Does Klarna build credit?

No, not really. The best way to build credit is to pay your bills on time and keep your credit card balance low. Opening accounts just to build a credit rating is not a good idea, as too many hard inquiries on your account actually decreases your rating.


How much do you pay upfront with Klarna?

As with Afterpay, you normally have to make an upfront payment with Klarna. The first of the 4 instalments is due at the time of purchase when shopping instore, or at the time of shipping when shopping online. This first payment is 25% or one quarter of the purchase price.


What fees does Klarna charge?

Klarna announced that they will not charge late fees when they first launch the product. They have not announced yet when these fees will come into effect, but here is a rundown on the fees mentioned in their terms and conditions:


Late Fees

$3 per instalment for purchases under $60

$5 per instalment for purchases between $60 and $100

$7 per instalment for purchases between $100 and $200

$15 per instalment for purchases over $200

Transaction Fee: $0.30


Klarna are pretty quiet about what fees they charge. It took a lot of digging around to find this information, which straight away sets off alarm bells for me. Klarna also charges "snooze fees, which you can read about below.


shopping in pink
Don't get spend happy just yet, Klarna charges more late fees the more you spend

What is Klarna snooze?

Klarna snooze lets you extend your next repayment by 14 days to avoid incurring a late fee. The snooze itself does cost a small fee however. You can only snooze once per order. The Klarna snooze fees depend on your payment amount


Snooze Fees

Under $60 not available

Between $60 and $100 $3

Between $100 and $200 $5

Over $200 $7


As you can see, the snooze fee is very closely related to the late fee, and is one tier cheaper than the late fee, so if you are short one week and need to delay a payment, it is worth it. It's still not a good habit to get into though. You know what is a good habit? Saving money.


What happens when you miss a payment?

When you miss a payment, you will be notified via the app, and will be a given a "slack period" of 2 to 7 days to update your payment information. Once updated, the transaction will be attempted again. If not, the transcation will just be attempted on your original card after 2 to 7 days.


If it is still not successful, you are charged a late fee and the missed amount is rolled over to your next due date, meaning a double payment will come out of your account. It is in your best interest to try to make up the payment before this date, or you may find yourself suddenly short of cash.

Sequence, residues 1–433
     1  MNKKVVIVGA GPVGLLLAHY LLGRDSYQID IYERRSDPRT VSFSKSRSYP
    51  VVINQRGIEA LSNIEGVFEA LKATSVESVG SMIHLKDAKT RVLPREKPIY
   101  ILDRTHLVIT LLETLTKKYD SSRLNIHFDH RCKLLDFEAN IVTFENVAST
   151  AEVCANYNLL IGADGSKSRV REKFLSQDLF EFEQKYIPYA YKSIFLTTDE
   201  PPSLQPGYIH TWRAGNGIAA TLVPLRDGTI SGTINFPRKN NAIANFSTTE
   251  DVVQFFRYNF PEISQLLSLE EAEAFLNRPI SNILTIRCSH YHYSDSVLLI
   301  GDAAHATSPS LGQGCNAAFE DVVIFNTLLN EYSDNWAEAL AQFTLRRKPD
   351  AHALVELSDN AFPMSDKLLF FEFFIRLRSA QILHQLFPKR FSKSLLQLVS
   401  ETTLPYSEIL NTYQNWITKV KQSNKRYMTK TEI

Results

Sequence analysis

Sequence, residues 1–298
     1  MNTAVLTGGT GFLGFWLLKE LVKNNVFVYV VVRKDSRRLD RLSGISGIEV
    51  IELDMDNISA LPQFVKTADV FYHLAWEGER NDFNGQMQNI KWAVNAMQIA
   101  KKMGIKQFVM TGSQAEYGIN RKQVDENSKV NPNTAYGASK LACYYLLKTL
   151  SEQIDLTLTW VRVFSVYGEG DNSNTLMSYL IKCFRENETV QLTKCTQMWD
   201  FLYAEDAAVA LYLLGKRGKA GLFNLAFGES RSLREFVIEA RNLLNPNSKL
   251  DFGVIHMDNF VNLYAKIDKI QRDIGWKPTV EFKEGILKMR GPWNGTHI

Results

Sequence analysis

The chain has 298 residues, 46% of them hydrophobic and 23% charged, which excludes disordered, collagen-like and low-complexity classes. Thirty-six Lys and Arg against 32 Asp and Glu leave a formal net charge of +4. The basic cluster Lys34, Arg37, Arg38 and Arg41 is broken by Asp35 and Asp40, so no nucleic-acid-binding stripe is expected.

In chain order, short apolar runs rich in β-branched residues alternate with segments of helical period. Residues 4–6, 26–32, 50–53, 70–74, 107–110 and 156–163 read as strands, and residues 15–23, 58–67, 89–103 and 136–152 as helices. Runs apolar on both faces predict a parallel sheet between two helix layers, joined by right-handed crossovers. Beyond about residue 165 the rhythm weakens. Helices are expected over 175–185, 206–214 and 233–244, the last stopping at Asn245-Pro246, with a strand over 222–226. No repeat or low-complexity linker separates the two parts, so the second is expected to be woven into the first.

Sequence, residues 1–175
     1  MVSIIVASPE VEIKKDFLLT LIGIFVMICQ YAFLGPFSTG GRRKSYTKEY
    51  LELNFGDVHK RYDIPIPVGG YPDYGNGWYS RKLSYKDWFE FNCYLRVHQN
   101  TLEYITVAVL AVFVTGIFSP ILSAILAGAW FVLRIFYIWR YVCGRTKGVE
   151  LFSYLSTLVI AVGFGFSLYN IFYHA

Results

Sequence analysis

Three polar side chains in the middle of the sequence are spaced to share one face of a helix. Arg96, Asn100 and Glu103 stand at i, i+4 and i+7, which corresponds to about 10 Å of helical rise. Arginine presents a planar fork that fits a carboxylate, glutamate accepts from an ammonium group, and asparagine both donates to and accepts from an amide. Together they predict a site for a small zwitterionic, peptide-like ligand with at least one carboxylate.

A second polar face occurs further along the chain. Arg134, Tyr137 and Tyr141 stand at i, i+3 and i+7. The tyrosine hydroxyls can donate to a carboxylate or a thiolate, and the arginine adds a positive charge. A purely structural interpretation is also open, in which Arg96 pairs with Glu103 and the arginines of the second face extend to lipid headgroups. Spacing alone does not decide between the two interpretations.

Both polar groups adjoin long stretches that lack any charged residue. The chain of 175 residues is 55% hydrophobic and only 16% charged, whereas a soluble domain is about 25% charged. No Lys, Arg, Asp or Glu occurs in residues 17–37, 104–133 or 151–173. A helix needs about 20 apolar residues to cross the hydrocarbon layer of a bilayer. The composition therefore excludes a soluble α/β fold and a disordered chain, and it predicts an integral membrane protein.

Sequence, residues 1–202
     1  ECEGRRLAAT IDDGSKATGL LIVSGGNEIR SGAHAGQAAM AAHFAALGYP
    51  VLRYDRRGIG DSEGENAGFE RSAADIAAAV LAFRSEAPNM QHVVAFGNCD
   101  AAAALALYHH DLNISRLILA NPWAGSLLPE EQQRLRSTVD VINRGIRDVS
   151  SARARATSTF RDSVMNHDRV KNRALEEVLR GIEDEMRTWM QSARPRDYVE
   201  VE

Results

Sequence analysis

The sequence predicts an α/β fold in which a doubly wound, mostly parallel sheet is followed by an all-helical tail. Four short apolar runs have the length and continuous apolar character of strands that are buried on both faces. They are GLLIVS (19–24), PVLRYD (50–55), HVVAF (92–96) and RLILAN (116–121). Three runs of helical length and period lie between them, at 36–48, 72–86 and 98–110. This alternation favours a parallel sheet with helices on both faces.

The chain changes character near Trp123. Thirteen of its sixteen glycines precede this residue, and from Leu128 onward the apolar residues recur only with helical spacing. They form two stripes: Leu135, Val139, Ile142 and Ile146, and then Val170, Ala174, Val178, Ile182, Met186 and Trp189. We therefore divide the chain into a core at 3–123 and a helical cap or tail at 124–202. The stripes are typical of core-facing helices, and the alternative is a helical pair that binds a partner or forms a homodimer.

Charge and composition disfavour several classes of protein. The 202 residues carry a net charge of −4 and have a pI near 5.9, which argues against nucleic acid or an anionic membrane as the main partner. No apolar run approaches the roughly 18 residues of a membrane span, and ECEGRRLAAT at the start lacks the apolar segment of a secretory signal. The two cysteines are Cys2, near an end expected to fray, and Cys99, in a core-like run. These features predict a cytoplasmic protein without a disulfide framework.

Does Klarna charge interest?

No, Klarna does not charge interest, although it claims that interest may apply to some specific services, it does not mention where they are or link to where you can find more info about these "specific services".


What stores accept Klarna?

A lot of stores are now accepting Klarna. ONe cool feature of this Buy Now Pay later service is that if a reatiler does not accept Klarna, you can still use it as a payment method for purchases. Klarna features a "ghost card" that functions like a regular debit or credit card, meaning you can use it anywhere that accepts debit or credit cards as a payment method. The "ghost card" is a virtual debit card, similar to Google Pay.


Can I use Klarna to pay bills?

Because of this ghost card functionality, you can use Klarna to pay for bills, as long as they are within your credit limit. This is a handy difference between Klarna and Afterpay.


Cancellations, Refunds and Disputes

If you cancel your purchase or return the good, Klarna will waive the amount you owe them. However, you will have to wait for the store you purchased from the return the funds to Klarna. Any money you have already will be refunded to you.


Is Klarna worth it?

This depends on what you are looking for. If you want something that is accepted anywhere and everywhere, I'd say Klarna is a good option. Their built in "ghost card"feature is pretty handy. Personally, I think Zip Pay is better, because you can make multiple purchases and just pay a monthly instalment, rather than having multiple payments coming out here and there. But that's me.


Good for:

Splitting large purchases into manageable payments

Shopping anywhere online and offline


Not so good for:

Managing timing of payments


man thinking with pink background
Thinking about Klarna? I'm glad you are reading this article

The Bottom Line

I feel like this is rapidly becoming a tradition when reviewing credit services, but I'll say it again. Use your own money! There is nothing more satisfying that building a savings account! Read this article on saving money and try a few of the strategies and tell me you don't love it! Being secure financially is the best thing you can do for your future, and your present. I'll end with my favourite quote.


"The best time to plant a tree is 10 years ago. The second best time is now".